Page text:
The great cough and the unhealthy cough

The good cough and the bad cough

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Researchers might be able to treat an annoying cough in disease without disrupting the protective cough we need for optimal lung health by targeting the various brain circuits involved. That emerges from new research published this week in the Journal of Physiology.

More people seek medical advice for an unwanted, excruciating cough than for any other illness. In some people, the cough can last for years without relief because effective treatments are not readily available.

These findings from Australian researchers have very important implications for the understanding and potential treatment of cough disorders, as it appears that different types of coughs may use different brain circuits.

The coughing process typically begins with an irritant stimulus in the larynx, airways, or lungs that activates the cough-inducing sensory nerves. These sensory nerves transmit this information to the brain, where the information modifies the actions of the respiratory muscles to produce a cough response. These signals are also sometimes combined with "higher order" signals that can tickle your throat, make you feel annoyed or anxious about a cough, and allow you to voluntarily suppress or intensify your cough.

Previous research in animals and humans suggested that the brain processes all input from sensory coughing nerves in a single area. However, in an earlier study of guinea pigs published this year in the Journal of Physiology, the same research team from Monash University and the University of Melbourne showed that this is likely not the case.

Instead, they discovered that separate pathways in the brain are involved in responding to a good (to clear the airways to ensure optimal lung health) and a bad cough (a sign of illness).

In this new study, human participants were subjected to behavioral tests to assess the sensitivity of the cough reflex, followed by functional imaging of the brain in an MRI scanner while inhaling various chemical substances.

One chemical stimulus was capsaicin, the active ingredient in hot chili peppers that is known to activate two subsets of sensory airway nerves that are involved in coughing.

Another chemical stimulus was adenosine triphosphate (ATP), best known as an energy molecule in cells, but also selectively activating one of the two subsets of sensory nerves involved in coughing.

The final chemical stimulus was saline, which was used as a control stimulus as it does not activate sensory nerves.

High resolution brainstem scans were collected during repeated randomized presentations of these stimuli, and the scans were analyzed to determine where in the brainstem the neuronal responses to capsaicin and ATP reside.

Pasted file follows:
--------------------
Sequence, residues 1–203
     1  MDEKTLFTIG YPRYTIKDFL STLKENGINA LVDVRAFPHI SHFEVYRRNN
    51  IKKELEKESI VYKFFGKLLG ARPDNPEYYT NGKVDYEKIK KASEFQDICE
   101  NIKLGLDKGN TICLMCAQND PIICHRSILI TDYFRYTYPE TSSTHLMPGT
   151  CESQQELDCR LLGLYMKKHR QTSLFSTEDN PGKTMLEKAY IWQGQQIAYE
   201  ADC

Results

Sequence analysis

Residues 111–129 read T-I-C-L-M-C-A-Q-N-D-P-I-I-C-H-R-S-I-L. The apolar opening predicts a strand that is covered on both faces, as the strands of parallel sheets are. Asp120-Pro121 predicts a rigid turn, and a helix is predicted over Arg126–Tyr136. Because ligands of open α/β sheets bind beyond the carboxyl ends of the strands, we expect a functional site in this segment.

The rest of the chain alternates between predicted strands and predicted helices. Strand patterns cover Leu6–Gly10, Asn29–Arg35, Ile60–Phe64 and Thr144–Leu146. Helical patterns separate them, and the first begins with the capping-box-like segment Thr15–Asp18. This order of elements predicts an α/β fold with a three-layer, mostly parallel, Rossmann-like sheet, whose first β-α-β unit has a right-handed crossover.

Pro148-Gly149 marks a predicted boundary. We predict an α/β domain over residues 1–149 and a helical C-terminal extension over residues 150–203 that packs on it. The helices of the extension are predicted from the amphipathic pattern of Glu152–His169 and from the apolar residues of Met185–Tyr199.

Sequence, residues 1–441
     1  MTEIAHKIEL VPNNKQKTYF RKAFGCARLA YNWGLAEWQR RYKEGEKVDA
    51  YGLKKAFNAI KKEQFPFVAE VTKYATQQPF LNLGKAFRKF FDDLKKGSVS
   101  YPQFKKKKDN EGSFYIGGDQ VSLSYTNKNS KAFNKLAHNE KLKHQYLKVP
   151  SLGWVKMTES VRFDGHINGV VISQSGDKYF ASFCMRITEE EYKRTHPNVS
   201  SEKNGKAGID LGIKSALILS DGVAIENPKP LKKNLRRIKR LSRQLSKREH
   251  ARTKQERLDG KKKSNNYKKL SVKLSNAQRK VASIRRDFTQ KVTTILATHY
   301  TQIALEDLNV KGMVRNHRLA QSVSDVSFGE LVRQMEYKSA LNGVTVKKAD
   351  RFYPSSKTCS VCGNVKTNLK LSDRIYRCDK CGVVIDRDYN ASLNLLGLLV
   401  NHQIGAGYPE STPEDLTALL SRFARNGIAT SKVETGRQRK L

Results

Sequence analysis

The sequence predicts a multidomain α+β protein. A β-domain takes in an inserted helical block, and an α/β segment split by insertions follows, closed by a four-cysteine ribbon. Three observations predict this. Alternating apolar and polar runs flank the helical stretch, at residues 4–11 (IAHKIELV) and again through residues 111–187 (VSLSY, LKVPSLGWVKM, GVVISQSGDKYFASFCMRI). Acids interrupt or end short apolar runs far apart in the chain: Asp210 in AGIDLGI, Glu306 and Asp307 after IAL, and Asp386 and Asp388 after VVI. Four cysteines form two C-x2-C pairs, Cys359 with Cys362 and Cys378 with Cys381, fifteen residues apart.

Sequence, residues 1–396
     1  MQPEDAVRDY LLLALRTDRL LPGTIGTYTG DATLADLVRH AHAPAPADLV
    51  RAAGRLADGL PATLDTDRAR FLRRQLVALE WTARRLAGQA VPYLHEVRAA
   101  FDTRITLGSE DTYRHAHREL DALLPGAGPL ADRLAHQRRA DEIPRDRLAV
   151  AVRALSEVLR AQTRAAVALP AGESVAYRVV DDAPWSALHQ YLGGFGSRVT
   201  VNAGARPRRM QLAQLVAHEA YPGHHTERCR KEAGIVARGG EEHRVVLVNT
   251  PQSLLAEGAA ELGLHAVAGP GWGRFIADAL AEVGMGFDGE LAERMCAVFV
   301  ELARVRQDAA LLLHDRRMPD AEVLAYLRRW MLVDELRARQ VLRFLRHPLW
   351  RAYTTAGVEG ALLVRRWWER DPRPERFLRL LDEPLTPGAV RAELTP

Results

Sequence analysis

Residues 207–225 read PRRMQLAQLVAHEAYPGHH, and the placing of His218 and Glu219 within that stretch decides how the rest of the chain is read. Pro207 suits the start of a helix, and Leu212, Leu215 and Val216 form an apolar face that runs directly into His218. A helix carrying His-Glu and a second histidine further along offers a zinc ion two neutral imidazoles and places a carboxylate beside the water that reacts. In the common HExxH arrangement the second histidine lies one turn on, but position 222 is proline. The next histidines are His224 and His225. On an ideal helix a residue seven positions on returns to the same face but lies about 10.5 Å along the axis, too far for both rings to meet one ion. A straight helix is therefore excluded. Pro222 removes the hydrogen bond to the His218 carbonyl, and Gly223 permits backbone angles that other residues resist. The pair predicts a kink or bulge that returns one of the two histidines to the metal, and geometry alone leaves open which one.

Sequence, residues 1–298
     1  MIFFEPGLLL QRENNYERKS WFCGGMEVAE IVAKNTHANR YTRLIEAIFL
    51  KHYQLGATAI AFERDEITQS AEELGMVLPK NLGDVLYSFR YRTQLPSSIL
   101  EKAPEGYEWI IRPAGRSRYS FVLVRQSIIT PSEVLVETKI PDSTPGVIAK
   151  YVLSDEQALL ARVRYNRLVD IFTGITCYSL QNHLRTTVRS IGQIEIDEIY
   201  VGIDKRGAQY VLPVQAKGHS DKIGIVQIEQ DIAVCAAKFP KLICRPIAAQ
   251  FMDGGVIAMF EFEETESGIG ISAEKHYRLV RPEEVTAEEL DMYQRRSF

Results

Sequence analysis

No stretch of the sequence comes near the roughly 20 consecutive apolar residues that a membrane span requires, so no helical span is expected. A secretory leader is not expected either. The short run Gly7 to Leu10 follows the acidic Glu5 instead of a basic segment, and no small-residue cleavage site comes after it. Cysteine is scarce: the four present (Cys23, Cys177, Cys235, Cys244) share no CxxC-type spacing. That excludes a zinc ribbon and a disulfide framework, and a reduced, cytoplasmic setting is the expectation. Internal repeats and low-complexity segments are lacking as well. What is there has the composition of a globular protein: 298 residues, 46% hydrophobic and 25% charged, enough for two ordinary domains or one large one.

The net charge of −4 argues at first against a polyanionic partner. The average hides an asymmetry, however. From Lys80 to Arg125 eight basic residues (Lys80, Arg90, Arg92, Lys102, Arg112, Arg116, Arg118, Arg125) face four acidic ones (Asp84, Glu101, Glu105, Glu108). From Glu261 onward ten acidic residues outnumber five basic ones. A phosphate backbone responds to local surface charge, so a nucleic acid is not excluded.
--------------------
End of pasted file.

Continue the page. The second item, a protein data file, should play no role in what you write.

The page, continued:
The result showed that capsaicin inhalation activated both the core of the solitary tract and the area of ​​the brainstem that contained the paratrigeminal nucleus, while ATP inhalation activated only the core of the solitary tract.

The data confirms the team's previous studies in guinea pigs, in which one cough pathway (sensitive to capsaicin and ATP) is integrated into the core of the solitary tract, while the other cough pathway (sensitive to capsaicin only) involves integration into the paratrigeminal core.

Commenting on the study, senior author Professor Stuart Mazzone said, "Chronic cough is a terribly uncomfortable disease. People can cough hundreds of times per hour of their waking life for years, and current medications are simply not effective." to alleviate this condition. "

"We are now conducting a similar study comparing how these two distinct brain networks respond in patients with chronically troublesome coughs compared to healthy subjects. This new study is also motivated by the recent results of clinical studies showing promising cough suppressant effects of Medicines That Inhibit ATP Receptors How ATP is implicated in coughing is not fully understood, we suspect that the response to ATP may change in patients with chronic cough and that the newly identified cough circuit in the brain may be involved in this change . "

Research has shown that the sound of coughing does not tell you whether a person is sick

More information:
Michael J. Farrell et al., Evidence of Multiple Bulbar and Higher Brain Circuitry Processing Sensory Input from the Human Respiratory System, The Journal of Physiology (2020). DOI: 10.1113 / JP280220

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The physiological society

The good and the bad cough (2020, October 8)
accessed on October 8, 2020

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